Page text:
After spending a career looking for credibility, we wonder what Rick Dalton would think of his stuntman being the one to take home an Oscar? To be fair, it wasn’t actually Cliff Booth who earned the little gold man at tonight’s Academy Awards. Nay, that honor belonged exclusively to Brad Pitt who picks up the first acting Oscar of his career in Once Upon a Time… in Hollywood.
One of the biggest movie stars of his generation, Pitt also cemented his status as a screen legend when his name was read for the Best Supporting Actor category during the 92nd Academy Awards. Strolling up to the stage early in the night, Pitt completed what has been an impressive circuit during awards season.
Pitt marked his victory taking a hilarious jab at the expense of the Republicans in the U.S. Senate when he noted ABC only gave him 45 seconds to make a speech. He said, “That’s 45 more seconds than the Senate gave John Bolton this week. I’m thinking maybe next time Quentin does a movie about it, and in the end the adults do the right thing.” That’d be a nice change of pace, eh?
Pitt’s win for Best Supporting Actor is not exactly the world’s biggest surprise. He has after all had a clean sweep of that category during awards season, picking up equivalent gongs from the Screen Actors Guild, Golden Globes, Critics Choice Awards, and BAFTA. But for almost everyone who watched Quentin Tarantino’s ninth and allegedly penultimate film, it was a much deserved series of surprises for the laconic star and his perhaps most laconic performance to date.
Nominated three times in the past for acting roles, Pitt’s transformation into a Hollywood statesman appears complete with this win, not least of all because it isn’t actually his first Oscar. Indeed, he previously won an Oscar in 2014 for producing the Best Picture winner, 12 Years a Slave. Some might wonder if his newly established role as a Hollywood producer and tastemaker will be as much a part of his legacy as his acting career.
In recent years, he has invested in bringing a slew of diverse voices to the center stage, including Steve McQueen on 12 Years, Ava DuVernay on Selma, Bong Joon-ho on Okja, Barry Jenkins on Moonlight and If Beale Street Could Talk, Adam McKay on The Big Short and Vice, Joe Talbot on The Last Black Man in San Francisco, and Andrew Dominik on The Assassination of Jesse James by the Coward Robert Ford.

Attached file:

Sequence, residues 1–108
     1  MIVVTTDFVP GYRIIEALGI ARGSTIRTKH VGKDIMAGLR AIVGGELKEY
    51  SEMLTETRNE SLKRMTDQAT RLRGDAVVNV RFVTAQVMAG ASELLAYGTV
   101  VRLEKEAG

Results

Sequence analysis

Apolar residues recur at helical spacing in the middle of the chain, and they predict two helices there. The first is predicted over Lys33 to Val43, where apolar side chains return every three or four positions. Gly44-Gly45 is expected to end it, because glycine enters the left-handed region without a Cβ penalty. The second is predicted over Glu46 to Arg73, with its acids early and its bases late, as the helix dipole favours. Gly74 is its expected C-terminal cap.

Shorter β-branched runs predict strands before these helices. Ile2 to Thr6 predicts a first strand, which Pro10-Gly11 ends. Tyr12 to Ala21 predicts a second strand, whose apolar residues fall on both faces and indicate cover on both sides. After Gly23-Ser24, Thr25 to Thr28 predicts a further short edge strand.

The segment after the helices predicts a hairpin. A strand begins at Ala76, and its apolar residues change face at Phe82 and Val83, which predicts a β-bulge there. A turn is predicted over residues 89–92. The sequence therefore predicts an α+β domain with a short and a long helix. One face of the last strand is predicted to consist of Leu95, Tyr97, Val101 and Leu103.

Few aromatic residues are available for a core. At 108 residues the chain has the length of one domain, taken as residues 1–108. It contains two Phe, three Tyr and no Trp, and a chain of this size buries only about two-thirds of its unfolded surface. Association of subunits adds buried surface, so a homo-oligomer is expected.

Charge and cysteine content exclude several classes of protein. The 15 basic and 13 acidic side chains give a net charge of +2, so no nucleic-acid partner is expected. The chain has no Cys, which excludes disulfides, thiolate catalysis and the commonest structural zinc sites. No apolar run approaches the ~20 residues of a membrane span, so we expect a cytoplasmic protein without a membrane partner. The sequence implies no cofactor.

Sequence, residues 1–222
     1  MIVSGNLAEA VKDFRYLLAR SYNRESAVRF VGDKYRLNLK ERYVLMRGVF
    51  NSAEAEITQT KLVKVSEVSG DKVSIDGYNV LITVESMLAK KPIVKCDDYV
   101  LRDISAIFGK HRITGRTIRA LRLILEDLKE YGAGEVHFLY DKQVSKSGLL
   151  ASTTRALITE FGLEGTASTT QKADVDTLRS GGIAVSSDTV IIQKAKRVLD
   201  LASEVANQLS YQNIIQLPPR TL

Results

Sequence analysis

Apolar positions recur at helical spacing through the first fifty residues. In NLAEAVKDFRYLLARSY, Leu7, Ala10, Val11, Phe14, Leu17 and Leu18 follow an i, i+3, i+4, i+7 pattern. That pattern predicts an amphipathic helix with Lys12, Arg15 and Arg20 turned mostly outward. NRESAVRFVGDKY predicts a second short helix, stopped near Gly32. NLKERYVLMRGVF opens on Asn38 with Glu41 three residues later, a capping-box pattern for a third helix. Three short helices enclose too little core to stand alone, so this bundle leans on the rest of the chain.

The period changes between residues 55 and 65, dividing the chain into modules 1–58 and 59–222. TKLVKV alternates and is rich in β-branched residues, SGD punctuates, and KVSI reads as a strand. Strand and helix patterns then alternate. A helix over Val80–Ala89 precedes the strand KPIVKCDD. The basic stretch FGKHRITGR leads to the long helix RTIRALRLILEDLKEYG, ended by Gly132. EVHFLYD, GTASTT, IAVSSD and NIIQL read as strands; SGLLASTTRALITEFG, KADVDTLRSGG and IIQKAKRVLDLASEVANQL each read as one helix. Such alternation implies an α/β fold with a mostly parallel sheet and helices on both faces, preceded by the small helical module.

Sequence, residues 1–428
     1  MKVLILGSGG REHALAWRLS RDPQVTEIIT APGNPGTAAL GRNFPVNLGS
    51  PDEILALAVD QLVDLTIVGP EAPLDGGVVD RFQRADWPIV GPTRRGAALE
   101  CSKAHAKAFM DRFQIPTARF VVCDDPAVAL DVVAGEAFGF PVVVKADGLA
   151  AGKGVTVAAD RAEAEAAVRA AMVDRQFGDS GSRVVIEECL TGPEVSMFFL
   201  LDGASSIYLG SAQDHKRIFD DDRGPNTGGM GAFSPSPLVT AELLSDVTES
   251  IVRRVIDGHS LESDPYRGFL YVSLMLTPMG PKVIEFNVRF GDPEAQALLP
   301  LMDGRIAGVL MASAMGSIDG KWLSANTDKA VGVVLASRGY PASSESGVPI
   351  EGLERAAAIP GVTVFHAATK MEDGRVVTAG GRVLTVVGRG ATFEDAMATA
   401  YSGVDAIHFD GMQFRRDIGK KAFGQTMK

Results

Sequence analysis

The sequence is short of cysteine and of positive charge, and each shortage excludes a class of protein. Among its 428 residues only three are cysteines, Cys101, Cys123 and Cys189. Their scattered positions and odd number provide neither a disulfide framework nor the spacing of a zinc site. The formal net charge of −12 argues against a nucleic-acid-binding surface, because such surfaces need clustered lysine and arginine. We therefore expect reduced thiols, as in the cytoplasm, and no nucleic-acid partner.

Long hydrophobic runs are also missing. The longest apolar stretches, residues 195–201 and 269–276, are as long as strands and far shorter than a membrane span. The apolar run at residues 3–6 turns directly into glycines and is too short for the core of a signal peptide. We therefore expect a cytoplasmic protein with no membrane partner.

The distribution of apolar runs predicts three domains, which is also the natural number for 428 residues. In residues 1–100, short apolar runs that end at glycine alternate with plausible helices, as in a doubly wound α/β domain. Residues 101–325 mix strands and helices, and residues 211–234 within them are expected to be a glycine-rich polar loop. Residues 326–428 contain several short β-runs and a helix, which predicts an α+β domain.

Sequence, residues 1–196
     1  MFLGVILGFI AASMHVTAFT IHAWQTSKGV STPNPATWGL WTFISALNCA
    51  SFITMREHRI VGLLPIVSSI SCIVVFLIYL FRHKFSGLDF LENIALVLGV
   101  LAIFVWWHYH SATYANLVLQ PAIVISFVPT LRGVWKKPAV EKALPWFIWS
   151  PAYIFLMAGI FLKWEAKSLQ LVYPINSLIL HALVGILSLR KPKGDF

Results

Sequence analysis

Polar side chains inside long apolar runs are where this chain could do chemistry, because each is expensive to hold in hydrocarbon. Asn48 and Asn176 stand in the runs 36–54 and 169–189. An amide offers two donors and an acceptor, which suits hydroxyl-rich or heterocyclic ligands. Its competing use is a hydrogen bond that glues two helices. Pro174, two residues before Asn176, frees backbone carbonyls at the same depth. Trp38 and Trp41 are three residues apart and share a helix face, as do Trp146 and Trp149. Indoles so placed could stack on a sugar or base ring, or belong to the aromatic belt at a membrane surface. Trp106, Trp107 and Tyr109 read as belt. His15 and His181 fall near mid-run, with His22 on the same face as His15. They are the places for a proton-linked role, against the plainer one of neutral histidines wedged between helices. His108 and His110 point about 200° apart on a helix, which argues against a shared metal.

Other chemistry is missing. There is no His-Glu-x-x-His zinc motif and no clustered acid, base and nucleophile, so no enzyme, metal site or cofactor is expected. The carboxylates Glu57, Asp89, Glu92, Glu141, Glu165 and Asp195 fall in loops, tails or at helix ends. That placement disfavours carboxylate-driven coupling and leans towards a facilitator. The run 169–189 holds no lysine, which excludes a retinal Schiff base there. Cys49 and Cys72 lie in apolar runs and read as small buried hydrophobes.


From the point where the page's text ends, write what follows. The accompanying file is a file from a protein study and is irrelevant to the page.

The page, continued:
Still, seeing Pitt win for one of the best performances of his career is rewarding in its own right. Playing a low-key and deceptively easygoing cowboy turned stuntman, there is an ingratiating charm about Pitt’s character in Once Upon a Time… in Hollywood. It’s a charm that also masks a shockingly brutal coldness that can be turned on at the violent drop of a hat (or dog food can).
Pitt’s teaming with DiCaprio in the movie feels both like a celebration and an end of an era. Each star came to prominence in 1990s Hollywood—the same as Tarantino—which may have been the height of movie stardom cache in post-Golden Age Hollywood. In 2020, however, it is increasingly difficult imagining a movie star (or a pair of them) who can open an original movie just on the strength of their names, or that of the director’s. Yet by combining their charisma, and Tarantino’s legacy, they turned the leisurely and elegiac Once Upon a Time into one of the biggest box office hits of 2019.
That Oscar will look mighty fine sitting next to Brandy the dog’s food bowl in the future.